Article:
Here Comes the Bride ... and Friends
I’ve always known that friendship is one of the greatest gifts.
It became even clearer to me when my friends helped to change the location of my wedding reception for 200 guests—on eight hours’ notice.
Before I share what led up to that logistical feat, it helps to know what has shaped my image of true friendship. When I was 23, I became friends with Jim and Ellie Newton. That friendship turned into a business partnership and mentorship. Although they were more than 50 years my senior, they always treated me as an equal and valued my opinion.
Jim shared stories about his own friendships with the famous Thomas and Mina Edison, Henry Ford, Harvey Firestone, and Charles and Anne Morrow Lindbergh. He eventually wrote the book Uncommon Friends. I was as fascinated by the Newtons as I was with their friendships with these great people.
Friendship needs nurturing
and love, and it can’t be neglected. We all get sidetracked, but friends always take time for each other. Although Jim and Ellie have
since passed away, their legacy continues with the Uncommon Friends Foundation.
Another major influence on my view of friendship began about nine years ago, when a group of friends started gathering monthly at Pam Cronin’s house. We have shared weddings, funerals, divorces, births and everything in between. There is always a lot of laughter, and we call ourselves the “Girlee Girlz.”
When it was time for my wedding in November of last year, I asked Pam to be my maid of honor. I recruited Erleene Sanders and Rhonda Shook of Events to be the wedding planners so I could relax. Little did I know ...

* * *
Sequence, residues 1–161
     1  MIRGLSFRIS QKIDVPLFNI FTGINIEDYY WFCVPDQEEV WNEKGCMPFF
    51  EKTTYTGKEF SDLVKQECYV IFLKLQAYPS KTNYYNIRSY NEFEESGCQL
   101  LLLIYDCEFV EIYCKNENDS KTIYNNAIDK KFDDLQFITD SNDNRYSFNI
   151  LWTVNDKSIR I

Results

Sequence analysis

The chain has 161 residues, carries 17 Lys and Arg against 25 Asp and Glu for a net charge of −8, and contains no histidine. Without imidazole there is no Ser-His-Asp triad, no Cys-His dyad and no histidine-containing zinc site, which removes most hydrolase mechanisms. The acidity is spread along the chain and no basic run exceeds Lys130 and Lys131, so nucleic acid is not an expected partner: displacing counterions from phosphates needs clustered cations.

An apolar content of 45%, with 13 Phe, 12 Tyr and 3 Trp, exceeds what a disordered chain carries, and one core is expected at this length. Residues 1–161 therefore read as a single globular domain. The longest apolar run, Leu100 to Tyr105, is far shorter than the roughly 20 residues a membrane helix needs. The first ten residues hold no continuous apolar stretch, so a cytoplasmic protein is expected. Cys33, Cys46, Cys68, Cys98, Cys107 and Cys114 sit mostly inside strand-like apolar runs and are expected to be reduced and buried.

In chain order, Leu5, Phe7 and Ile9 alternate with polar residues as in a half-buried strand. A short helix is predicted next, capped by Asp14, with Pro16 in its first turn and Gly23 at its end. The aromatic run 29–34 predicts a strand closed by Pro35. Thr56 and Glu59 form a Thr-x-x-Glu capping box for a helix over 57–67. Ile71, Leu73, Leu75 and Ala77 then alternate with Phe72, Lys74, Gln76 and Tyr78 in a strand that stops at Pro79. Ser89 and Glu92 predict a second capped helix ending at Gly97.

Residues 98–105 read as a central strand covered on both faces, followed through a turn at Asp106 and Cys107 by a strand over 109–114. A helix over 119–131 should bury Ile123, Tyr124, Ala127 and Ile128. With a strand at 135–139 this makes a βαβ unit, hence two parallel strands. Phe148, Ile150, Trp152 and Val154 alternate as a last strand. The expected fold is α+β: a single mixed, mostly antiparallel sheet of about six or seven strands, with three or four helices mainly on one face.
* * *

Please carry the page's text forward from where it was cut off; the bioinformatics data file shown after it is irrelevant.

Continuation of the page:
The wedding was scheduled to take place at the Chapel by the Sea on Captiva, with the reception at The Sanctuary on Sanibel. Pam, her husband, Tom, and many friends were staying at my house on Captiva, and we were just finishing rehearsal dinner at my Keylime Bistro when the power went off and the sky lit up like fireworks. Fortunately, Keylime has a large generator, so the lights came back on, and the band kept on playing. But all of Captiva and the north end of Sanibel lost power—including The Sanctuary.
The next morning, the power was still out. The general manager of The Sanctuary told us to cancel or reschedule.
I own a large parking lot in front of my inn. Within eight hours, we had a lined and lighted tent with an eight-foot chandelier, four generators, portable air-conditioning units, a dance floor and a seven-piece band. My staff provided fresh stone crab, shrimp, filet mignon and more.
Many friends didn’t actually make it to the church. They were still setting up the reception. Pam ran into the limo bus at the last moment to dress for the ceremony. As we drove past the tent, tears welled in my eyes. It was absolutely gorgeous. I was so proud of my friends and staff. They pulled off an amazing feat! I know that Jim and Ellie were smiling from afar.